The PowerPoint animation ninja is back! This time he’s going to take you from basic animation tricks, to some pretty awesome tricks that will help you tell better stories in your presentations, and keep your audience hooked for longer. Let’s get started, chop chop!
At BrightCarbon we’re all about visual slides, so it probably comes as no surprise that we often need high-quality stock images for our presentations. Stock image websites are a good go-to for high-quality photographs, but can sometimes be pretty pricey. If you’re looking for great images to bring your next presentation to life, but you’re on a budget, Creative Commons can be a source of some excellent content. Let’s discuss…
For those of you who use Shutterstock, your life may have just got a little bit easier. Shutterstock, a stock image library website, has just released a feature for beta testing called Shutterstock Editor. Let’s take a look…
For those of you with PowerPoint 2016 and an Office 365 subscription, you may have noticed that the latest update bestowed upon you a new transition—Morph. Though unassuming, this feature possesses great power. Let’s take a look at what it can do.
We have have created a seasonal selection of PowerPoint Holiday cards. Why not grab a mince pie and download, edit and share your favourite!
When creating presentations it can be easy to go a little overboard. We feel like we need to cram in as much information as possible. Creating slides with barely any blank space left bombarded with text, images and icons. Here are five tips helping you keep your presentations simple and clean, allowing you to tell a powerful and effective story.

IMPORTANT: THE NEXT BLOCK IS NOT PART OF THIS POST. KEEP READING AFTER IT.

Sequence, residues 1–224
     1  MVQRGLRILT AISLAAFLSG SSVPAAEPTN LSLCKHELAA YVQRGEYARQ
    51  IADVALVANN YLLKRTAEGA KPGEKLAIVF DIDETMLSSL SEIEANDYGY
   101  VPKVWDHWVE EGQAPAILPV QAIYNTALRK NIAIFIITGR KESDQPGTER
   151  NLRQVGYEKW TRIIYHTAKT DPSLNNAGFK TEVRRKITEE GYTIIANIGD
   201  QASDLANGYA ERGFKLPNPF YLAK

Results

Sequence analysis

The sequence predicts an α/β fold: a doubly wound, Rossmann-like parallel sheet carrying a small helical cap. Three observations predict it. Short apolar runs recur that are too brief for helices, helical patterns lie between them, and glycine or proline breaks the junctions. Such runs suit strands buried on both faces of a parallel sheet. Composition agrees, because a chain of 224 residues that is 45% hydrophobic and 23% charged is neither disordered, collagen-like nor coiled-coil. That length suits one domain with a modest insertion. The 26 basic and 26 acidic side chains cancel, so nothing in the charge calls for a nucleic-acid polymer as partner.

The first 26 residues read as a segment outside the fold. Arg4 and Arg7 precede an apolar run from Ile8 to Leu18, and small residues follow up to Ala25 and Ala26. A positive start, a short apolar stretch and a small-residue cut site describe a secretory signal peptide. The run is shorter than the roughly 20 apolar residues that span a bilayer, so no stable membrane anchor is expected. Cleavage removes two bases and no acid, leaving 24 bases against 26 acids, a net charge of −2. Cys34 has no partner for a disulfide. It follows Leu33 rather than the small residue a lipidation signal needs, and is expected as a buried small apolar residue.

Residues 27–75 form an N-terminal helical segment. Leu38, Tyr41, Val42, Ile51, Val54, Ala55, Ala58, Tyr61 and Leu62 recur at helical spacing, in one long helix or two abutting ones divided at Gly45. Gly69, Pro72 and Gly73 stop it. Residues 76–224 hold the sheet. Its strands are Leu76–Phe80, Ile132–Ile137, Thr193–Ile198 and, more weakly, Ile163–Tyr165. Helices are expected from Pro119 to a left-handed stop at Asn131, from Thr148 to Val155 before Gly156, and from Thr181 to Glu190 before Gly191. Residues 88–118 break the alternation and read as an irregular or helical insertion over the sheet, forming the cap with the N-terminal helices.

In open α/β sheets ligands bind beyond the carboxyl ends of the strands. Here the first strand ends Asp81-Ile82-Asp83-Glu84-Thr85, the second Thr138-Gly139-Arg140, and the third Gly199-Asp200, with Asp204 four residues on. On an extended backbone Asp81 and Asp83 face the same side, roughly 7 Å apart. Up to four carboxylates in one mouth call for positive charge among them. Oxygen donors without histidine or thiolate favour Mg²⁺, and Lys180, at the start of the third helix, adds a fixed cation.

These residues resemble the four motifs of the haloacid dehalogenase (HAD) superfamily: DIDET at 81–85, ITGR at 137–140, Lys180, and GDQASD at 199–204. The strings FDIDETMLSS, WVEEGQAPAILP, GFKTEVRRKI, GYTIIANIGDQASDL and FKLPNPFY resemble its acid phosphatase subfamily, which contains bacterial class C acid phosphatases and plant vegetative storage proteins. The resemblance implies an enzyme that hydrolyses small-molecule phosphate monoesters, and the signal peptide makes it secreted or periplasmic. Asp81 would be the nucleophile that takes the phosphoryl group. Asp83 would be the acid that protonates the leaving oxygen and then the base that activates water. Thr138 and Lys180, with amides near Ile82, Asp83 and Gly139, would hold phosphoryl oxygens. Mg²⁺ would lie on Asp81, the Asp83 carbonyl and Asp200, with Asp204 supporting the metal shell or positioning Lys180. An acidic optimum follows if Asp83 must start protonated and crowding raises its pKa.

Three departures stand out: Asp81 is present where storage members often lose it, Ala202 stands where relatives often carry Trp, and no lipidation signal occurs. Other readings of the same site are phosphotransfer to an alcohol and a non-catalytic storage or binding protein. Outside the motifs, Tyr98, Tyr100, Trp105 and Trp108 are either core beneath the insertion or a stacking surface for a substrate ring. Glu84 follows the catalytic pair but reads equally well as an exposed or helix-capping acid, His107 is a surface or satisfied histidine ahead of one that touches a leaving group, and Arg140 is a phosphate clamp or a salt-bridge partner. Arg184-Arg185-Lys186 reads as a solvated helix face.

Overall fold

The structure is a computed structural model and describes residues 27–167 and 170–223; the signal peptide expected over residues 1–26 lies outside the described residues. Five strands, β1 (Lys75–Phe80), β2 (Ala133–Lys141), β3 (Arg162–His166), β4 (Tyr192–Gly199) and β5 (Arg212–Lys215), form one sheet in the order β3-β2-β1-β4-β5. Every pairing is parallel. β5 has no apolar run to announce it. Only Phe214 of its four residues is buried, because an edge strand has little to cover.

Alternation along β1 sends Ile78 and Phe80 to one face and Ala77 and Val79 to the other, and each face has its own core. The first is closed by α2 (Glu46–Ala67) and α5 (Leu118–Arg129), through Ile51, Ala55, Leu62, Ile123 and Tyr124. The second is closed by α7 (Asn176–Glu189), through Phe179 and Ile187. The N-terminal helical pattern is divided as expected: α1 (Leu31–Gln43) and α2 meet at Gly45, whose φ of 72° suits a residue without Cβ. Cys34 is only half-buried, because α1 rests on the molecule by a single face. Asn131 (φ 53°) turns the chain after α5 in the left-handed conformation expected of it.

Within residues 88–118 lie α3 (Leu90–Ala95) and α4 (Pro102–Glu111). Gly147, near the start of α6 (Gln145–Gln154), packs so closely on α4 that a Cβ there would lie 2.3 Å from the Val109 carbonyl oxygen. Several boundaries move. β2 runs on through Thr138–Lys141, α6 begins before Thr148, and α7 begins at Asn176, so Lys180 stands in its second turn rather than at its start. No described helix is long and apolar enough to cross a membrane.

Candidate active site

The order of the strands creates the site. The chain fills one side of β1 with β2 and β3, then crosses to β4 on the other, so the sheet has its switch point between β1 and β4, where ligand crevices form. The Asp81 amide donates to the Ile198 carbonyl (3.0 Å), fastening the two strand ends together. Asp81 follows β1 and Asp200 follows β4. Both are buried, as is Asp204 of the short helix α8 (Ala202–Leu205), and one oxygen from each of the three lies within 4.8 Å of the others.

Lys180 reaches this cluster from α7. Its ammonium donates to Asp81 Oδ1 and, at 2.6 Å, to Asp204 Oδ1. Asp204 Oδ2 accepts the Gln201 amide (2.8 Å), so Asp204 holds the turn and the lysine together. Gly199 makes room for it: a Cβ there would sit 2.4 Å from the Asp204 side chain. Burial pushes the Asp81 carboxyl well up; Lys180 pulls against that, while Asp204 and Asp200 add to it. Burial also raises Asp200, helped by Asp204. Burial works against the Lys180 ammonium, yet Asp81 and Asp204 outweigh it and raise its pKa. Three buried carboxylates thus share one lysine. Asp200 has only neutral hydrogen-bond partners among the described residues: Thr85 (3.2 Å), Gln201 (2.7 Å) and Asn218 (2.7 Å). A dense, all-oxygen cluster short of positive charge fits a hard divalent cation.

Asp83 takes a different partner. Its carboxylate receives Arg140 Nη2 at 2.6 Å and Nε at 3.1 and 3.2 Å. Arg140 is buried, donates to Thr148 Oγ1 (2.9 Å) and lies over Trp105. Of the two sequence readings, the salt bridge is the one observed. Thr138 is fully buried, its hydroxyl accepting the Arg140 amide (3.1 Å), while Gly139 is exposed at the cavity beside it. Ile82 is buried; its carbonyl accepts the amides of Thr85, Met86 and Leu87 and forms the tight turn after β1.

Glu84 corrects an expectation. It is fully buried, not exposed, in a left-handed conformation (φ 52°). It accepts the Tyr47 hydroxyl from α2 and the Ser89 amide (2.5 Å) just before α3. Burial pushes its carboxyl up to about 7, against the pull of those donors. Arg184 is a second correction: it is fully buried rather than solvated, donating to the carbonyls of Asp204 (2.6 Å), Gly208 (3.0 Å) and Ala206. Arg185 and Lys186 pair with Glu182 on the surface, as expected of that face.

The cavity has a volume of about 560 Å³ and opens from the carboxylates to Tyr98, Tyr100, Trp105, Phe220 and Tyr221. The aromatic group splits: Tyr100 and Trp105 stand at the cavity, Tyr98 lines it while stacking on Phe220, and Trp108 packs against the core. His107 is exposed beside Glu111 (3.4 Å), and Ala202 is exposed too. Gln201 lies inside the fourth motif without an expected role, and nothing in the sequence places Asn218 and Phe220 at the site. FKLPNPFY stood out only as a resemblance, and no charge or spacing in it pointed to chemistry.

There are two types of people in the world: those that use animation in PowerPoint, and those that don’t. Read on to find out how to strike the right balance between too much and too little animation in your presentations.
I was given access to the latest version of PowerPoint 2016. In my day to day work I use PowerPoint 2013, which I realized at its surface is almost identical to 2016. However, if one were to go from 2010 to 2016, I think it’s safe to assume that there are many more differences, the most noticeable being the cosmetic differences. For the purpose of this review, any comparisons I make will be between 2013/2016 as those are the two versions I have experience with.
PowerPoint is widely regarded as an application that is relatively easy-to-use and accessible to all. It boasts a fairly simplistic animation system that anyone can use to add some visual spark or structure to their presentations. But like all things simplistic, it’s not hard to find restrictions put in place to achieve that ease-of-use. How can we get past these restrictions to achieve new effects?
For many reasons, going back to the basics of a creative discipline can really help build your skills and confidence as a designer. Re-reading a book or taking a refresher course, for example, can reinforce your understanding of core principles or teach you new ways of working. It’s for this reason exactly that I recently took a weekend workshop in oil portrait painting.